According to the Project’s website, Ethics for a Digital Age, “The project will focus on issues of Christian ethics — including the public nature of faith, religious freedom, hate speech/violence, sexuality/gender issues, pornography, objectionable content, misinformation, digital authoritarianism, and issues of discipleship in the digital age.” One of the project’s researchers, Jason Thacker, mentions “conspiracy theories,” which should be translated to mean “believing the election consisted of fraud.”

While the project claims to be pro-First Amendment, to understand what these people mean when they talk about “free speech” and “religious freedom,” you must toss out the idea of individual conscience and understand this in terms of the religious collective. In other words, your “free speech” or “religious freedom” is determined collectively by what those at the top ranks of your religious leadership have deemed appropriate for you to say or believe–and that’s what they’re willing to defend.

This is what you must understand–for the Marxist, everything is about the collective. There is no individuality.

We’ve seen this most recently with the ERLC’s guidance on vaccine mandates and religious exemptions. The ERLC recently denounced religious exemptions from vaccine mandates for Southern Baptists because they have decided that it is not truly a matter of religious freedom for Baptists–never mind your conscience. On the other hand, they defended vaccine mandates for Jehovah’s Witnesses and the Amish.

Unsurprisingly, Facebook is funding this research project. According to the Baptist Press, the funding comes without stipulations from Facebook:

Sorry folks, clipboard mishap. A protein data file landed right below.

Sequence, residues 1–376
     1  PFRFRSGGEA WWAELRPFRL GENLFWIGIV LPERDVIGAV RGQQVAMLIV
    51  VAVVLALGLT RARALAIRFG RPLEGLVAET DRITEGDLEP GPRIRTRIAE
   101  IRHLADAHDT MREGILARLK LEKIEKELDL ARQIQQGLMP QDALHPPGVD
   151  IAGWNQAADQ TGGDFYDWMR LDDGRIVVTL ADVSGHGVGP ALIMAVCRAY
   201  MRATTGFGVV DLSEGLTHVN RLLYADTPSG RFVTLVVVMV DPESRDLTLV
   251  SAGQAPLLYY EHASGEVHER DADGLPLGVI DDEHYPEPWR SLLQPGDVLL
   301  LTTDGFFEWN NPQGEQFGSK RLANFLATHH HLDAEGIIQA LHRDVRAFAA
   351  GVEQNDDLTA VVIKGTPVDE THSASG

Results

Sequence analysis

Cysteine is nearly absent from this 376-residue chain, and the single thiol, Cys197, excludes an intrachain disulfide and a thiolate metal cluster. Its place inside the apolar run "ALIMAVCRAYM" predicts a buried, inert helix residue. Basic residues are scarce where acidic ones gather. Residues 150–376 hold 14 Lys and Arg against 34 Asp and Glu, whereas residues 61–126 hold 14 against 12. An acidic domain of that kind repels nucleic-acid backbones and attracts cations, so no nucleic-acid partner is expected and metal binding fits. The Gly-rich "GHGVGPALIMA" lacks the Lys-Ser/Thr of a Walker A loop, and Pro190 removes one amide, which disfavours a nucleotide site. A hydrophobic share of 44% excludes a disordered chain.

“This research grant was provided on an unrestricted basis, meaning the grant monies will be used at [the] sole discretion of the ERLC leadership team and board of trustees without any direct or indirect oversight by Facebook in research efforts nor any influence on project outcomes or resources produced,” according to the answer to one of the Frequently Asked Questions on the website. “All materials produced in this research project will be copyrighted to the ERLC and/or the individuals contributing.”

Facebook and other technology companies have approached the ERLC for resources because “there is a dearth of literature in this area,” Thacker said to the trustees. “There’s been very little if any research done into the nature of religious freedom and religious expression in the digital age.”

However, again, we must understand the nature of this project. Facebook does not need to put stipulations on these funds because Facebook largely agrees with the nature and mission of the ERLC. Facebook knows that the ERLC’s perspective on free speech–which is collective–is identical to theirs because Facebook is also Marxist. So the problem here isn’t that the ERLC is being funded by Facebook in exchange for “control” over the research project. The bigger issue here is what Facebook’s decision to fund this project says about the ERLC.

Just like George Soros has funded Russell Moore’s Evangelical Immigration Table, one would ask why a far-left radical like George Soros would do this. Similarly, why would a far-left social media company want to fund a “conservative” religious ministry?